As London prepares to host the 2012 Olympics, there's been no shortage of stories on the condition of the buildings erected for the 2004 Games in Athens. The Olympic sports complex is rotting and rusting, the man-made lake set up to provide water to the slalom course is dry, and the stadiums built for table tennis and gymnastics are empty. The situation is easy to amplify in a negative way given the economic situation in Greece. Many blame the country's debt, or at least part of it, on a rush to build extravagant facilities for the Olympics. While some have pointed out that Greece's travel infrastructure was significantly upgraded because of the 2004 Games, Athens has mostly been cast in a negative light. Is that fair? How have other former Olympic stadiums fared? What exactly happens to host cities after the Olympics?
Faliro Olympic Complex, Athens. Photo: Courtesy of The Olympic City
Photographers Jon Pack and Gary Hustwit have set out to answer that last question. So far they have picked seven former host cities to visit so they can interview people and photograph anything and everything related to the Olympics. Their answer will take the form of a 200-page photo book, The Olympic City, due out in March 2013. The duo started a Kickstarter project so they can raise money to travel to seven more cities and finish the project. Those people that donate will get to help pick the last two cities that Pack and Hustwit visit. We emailed Pack to see what they've discovered so far.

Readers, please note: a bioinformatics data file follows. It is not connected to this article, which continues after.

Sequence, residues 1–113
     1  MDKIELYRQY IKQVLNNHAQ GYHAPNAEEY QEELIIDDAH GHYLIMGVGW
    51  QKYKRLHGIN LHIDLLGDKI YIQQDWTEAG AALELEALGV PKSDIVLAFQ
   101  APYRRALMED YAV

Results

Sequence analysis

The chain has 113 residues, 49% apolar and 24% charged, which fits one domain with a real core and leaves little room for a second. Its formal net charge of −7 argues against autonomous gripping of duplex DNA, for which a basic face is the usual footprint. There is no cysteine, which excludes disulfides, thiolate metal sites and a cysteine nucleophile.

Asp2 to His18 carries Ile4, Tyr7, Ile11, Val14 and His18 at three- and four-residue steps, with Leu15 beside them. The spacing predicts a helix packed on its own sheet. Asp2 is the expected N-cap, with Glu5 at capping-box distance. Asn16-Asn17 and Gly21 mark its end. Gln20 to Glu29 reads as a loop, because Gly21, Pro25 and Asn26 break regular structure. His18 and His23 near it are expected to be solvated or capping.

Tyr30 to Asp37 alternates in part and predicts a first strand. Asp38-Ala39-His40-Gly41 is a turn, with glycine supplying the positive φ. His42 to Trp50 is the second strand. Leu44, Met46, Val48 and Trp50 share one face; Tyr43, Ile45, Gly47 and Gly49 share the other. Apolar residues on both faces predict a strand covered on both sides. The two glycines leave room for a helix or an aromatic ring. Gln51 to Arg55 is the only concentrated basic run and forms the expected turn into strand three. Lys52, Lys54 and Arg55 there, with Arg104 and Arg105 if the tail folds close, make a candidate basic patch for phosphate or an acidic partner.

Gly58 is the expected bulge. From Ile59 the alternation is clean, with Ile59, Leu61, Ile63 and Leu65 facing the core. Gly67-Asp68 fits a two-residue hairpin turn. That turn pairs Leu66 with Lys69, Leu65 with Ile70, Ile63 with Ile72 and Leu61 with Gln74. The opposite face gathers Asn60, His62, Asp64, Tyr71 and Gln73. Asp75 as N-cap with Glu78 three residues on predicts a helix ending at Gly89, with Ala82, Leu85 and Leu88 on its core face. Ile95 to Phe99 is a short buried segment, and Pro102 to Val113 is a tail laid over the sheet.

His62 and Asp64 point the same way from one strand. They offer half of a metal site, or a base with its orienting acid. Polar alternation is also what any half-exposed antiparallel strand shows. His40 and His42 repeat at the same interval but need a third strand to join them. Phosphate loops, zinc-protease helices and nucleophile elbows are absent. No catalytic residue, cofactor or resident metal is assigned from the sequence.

Art Devlin's Olympic Motor Inn, Lake Placid, New York. Photo: Courtesy of The Olympic City
In the Kickstarter video, you mention that seeing the money spent on the Beijing Olympics in 2008 inquired you to wonder what happens to these cities. Why did you decide to turn that question into a huge project?
Well, I wasn’t sure at first if it would turn into a project at all. To be honest, I never had much interest in the Olympics. My wife, on the other hand, is a big fan and has been since she was little. She has really happy memories of writing to invite Brian Boitano to dinner in a fan letter when she was 11. (He never responded.) So leading up to the 2008 Olympics, I found myself paying more attention than I had to Games in the past. I was intrigued that so much of the coverage was about the money being spent and the venues being constructed for an event that would only last a few weeks. I kept wondering what would become of these buildings after the Games, so I went on a bit of a fact-finding mission and did some research. Then I rented a car and kept it local, mostly because of money and time constraints, and drove up to Lake Placid and Montreal.
In Lake Placid, I stayed at Art Devlin’s Olympic Motor Inn, a hotel opened by a former Olympic ski jumper. The hotel lobby was jam-packed with his trophies and awards. A handful of dusty shops on the village’s main street are filled with all sorts of memorabilia from the 1980 Games—the shops appear to be closed most of the time, but handwritten signs let interested folks know how to get ahold of the owners. The former Olympic Village where the athletes were housed is now a prison—well, it was a prison first, then a place to house the athletes, and then a prison again. Not only that, but the prisoners helped build the ski jumps used in the Games. So that trip really invigorated me, and definitely made me feel like this could be a project worth exploring.